A housing shortage across California has driven prices up to unaffordable heights and locked young house hunters out of the market—and now, even the supply of Los Angeles mansions is starting to dwindle.
Luxury inventory in Greater Los Angeles, defined as the top 10% of sales, has dropped precipitously since last year, according to Douglas Elliman’s second quarter report prepared by appraisal firm Miller Samuel and released on Thursday. The number of mansions listed on the market dropped nearly 45% from a year ago to 347 by the end of the second quarter.
“The high-end in Los Angeles is one of the tighter markets in the U.S. at least from my optics,” said Jonathan Miller, chief executive of Miller Samuel and the author of dozens of market reports from Brooklyn to Miami each quarter.
Single-family homes in posh suburbs like Bel Air, Brentwood and Beverly Hills dominate the luxury market in Los Angeles. And while major cities across the United States are characterized by price cuts and oversupply, L.A.’s already strong luxury market is getting stronger.
There were 97 luxury single-family homes that sold between March and June in Greater Los Angeles, a 26% increase from the 77 sold during the same period a year ago. The median sales price rose 3.1% to $9.5 million, according to the report.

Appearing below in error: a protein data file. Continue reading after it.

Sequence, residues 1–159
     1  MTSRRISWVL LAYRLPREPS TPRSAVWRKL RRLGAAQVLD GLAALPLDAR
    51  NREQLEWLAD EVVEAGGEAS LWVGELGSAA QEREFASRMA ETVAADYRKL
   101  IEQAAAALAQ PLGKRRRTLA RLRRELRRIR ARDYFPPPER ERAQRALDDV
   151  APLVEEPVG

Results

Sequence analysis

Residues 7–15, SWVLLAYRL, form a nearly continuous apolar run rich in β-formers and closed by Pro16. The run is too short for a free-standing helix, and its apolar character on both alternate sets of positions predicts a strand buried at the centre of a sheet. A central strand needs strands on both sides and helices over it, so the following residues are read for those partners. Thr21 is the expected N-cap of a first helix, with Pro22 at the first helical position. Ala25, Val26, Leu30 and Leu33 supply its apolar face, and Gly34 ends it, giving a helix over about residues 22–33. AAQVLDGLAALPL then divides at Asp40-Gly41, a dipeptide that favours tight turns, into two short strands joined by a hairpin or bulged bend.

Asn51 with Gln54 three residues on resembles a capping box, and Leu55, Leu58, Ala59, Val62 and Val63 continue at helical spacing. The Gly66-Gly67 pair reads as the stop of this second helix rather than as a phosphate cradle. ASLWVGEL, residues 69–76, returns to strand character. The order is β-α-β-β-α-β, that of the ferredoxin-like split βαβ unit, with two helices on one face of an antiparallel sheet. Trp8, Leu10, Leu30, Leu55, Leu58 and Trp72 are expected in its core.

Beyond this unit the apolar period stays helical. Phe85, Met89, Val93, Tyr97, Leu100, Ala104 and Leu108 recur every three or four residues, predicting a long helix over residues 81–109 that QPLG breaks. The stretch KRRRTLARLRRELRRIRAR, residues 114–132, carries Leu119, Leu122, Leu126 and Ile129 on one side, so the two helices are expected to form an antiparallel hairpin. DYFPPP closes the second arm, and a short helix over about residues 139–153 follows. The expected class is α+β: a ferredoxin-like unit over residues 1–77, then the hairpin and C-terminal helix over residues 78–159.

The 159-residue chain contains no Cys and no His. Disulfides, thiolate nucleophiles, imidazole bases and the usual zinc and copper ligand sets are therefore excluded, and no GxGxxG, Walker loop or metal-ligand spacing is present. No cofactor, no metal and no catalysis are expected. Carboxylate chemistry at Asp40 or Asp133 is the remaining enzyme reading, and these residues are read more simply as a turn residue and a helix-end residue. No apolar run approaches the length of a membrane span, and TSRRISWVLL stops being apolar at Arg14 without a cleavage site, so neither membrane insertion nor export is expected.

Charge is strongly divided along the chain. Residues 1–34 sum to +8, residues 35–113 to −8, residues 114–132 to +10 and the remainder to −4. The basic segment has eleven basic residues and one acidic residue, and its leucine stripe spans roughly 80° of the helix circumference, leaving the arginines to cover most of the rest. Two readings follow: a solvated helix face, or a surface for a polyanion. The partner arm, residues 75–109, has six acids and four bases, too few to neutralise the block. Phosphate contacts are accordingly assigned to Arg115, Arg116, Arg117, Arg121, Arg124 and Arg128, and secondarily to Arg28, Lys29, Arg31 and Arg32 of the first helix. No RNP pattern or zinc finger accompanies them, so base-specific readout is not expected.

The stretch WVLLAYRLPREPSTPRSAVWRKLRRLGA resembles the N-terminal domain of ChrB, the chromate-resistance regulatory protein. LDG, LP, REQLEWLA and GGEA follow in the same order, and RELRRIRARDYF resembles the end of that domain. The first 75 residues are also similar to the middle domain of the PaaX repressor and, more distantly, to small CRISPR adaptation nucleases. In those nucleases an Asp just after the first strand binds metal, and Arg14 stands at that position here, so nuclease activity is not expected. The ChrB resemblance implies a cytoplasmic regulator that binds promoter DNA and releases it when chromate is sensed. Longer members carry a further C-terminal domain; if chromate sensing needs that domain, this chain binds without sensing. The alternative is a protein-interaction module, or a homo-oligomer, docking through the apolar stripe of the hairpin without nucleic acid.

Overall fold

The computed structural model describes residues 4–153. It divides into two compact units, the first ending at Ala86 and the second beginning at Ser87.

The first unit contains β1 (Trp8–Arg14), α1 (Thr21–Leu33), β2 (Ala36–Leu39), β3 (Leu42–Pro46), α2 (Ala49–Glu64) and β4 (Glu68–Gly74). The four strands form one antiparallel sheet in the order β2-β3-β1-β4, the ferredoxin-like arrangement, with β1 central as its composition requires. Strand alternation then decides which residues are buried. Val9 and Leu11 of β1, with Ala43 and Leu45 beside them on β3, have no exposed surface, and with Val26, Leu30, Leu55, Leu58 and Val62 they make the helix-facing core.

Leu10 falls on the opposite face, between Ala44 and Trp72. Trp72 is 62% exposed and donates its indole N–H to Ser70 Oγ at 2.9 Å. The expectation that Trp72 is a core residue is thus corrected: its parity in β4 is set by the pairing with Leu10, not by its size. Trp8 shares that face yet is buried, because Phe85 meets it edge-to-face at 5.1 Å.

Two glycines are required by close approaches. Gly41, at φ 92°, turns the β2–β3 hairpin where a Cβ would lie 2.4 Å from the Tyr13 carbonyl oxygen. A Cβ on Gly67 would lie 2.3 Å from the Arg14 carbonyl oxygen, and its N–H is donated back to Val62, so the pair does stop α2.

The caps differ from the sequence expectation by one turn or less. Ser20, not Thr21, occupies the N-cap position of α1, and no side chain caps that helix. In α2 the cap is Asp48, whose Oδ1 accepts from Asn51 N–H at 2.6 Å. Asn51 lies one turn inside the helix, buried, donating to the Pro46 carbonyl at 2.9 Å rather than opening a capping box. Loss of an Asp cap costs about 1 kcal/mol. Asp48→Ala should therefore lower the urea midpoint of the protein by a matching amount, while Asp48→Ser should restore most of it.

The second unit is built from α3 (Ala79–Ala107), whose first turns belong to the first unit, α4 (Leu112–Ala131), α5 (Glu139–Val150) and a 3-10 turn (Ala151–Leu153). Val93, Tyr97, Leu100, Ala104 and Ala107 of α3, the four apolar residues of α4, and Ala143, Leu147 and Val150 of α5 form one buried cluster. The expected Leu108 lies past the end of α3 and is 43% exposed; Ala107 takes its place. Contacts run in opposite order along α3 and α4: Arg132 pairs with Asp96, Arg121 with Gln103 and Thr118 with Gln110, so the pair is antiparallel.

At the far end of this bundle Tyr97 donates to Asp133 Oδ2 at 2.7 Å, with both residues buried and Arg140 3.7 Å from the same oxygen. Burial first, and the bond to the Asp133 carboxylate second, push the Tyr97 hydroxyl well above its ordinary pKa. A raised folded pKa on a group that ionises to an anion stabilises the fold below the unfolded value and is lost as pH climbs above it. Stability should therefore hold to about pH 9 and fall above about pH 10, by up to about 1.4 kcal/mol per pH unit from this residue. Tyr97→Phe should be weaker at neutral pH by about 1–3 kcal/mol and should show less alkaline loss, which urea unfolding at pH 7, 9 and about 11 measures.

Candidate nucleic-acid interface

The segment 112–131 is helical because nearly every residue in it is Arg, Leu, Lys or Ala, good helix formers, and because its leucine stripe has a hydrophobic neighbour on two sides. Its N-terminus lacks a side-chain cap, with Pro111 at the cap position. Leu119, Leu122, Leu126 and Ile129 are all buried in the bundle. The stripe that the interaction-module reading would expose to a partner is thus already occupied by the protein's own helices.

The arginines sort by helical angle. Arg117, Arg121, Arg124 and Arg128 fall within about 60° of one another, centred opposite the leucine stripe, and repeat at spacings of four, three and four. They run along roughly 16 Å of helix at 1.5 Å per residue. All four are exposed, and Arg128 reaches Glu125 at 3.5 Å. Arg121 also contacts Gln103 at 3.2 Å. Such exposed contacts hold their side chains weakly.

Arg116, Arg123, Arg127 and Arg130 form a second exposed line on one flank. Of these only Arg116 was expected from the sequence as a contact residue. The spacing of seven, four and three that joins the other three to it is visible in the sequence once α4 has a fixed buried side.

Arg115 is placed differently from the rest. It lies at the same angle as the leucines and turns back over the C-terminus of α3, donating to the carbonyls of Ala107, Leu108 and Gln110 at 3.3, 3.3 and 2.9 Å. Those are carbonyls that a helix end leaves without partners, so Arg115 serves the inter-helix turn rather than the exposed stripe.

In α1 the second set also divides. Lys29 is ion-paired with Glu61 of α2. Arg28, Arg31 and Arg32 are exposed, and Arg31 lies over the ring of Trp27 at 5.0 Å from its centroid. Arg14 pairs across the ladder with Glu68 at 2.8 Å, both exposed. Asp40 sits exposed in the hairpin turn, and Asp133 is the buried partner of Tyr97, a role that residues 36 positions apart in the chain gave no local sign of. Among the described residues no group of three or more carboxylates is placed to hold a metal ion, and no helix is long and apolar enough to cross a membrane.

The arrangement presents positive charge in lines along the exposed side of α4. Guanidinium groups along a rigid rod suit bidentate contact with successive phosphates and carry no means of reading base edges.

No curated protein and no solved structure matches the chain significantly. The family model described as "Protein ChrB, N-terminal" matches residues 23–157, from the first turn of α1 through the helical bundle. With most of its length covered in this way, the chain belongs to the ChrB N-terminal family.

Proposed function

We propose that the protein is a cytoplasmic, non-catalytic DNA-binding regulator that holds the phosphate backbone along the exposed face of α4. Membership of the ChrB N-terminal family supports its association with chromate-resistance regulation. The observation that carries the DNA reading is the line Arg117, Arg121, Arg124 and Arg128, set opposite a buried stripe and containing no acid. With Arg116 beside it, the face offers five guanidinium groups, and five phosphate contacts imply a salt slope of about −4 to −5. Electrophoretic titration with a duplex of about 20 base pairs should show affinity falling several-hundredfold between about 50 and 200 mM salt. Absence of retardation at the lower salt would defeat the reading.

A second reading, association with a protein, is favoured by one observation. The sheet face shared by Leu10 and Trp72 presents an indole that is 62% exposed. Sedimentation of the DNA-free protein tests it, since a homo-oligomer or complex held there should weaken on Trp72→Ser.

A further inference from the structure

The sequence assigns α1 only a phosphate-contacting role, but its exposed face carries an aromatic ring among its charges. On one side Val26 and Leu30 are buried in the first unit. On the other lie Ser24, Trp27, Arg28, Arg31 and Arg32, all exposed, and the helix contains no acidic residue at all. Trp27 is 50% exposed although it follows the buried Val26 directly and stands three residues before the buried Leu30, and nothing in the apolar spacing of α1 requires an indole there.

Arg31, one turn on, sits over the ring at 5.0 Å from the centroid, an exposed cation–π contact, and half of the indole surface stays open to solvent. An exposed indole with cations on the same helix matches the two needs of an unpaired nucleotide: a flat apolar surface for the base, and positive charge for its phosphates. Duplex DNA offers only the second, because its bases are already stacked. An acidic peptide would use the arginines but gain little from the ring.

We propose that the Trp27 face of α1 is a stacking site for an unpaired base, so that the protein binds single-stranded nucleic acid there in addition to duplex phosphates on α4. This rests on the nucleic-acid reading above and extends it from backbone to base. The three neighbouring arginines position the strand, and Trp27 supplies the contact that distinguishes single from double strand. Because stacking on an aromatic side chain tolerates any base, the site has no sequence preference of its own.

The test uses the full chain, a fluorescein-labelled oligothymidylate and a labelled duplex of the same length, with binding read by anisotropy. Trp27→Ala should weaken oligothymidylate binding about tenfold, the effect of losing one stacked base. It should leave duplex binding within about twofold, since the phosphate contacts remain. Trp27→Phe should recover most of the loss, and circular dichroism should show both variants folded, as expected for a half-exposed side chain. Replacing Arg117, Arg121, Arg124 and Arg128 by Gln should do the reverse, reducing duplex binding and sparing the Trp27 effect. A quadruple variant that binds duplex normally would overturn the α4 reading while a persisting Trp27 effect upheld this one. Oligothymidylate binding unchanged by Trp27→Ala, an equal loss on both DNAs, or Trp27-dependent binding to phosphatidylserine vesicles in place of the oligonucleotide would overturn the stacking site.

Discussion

High-end condos, those priced at around $1.7 million or more, also saw increased activity, with 85 units sold, up from 68 a year before.
The plunge in luxury inventory comes down to increased buying coupled with the expiration of overpriced listings that have been on the market for months or years, Mr. Miller said.
“The spread is narrowing between the ask and the buy,” Mr. Miller said, adding that buyers and sellers in Los Angeles “are clearly more on the same page than they were a year ago.”
If you are on the sell side, this is one of the best performing markets in the United States with rising prices, rising sales and falling supply, Mr. Miller added. But it’s created a crisis among buyers, even those who can afford the multimillion-dollar homes in areas like Mar Vista and Venice.
In Mar Vista, one of the tightest housing markets in the country, the average single-family home sold in just 40 days in the second quarter. A condo there sold in less than a month on average. The lack of inventory has pushed the median price of a single-family home in Mar Vista 19% over the past year to $1.5 million—higher than the median sales price for a home in Manhattan.
Malibu Beach, a celebrity playground south of Los Angeles, remained stable, with the median sales price at $7.4 million.
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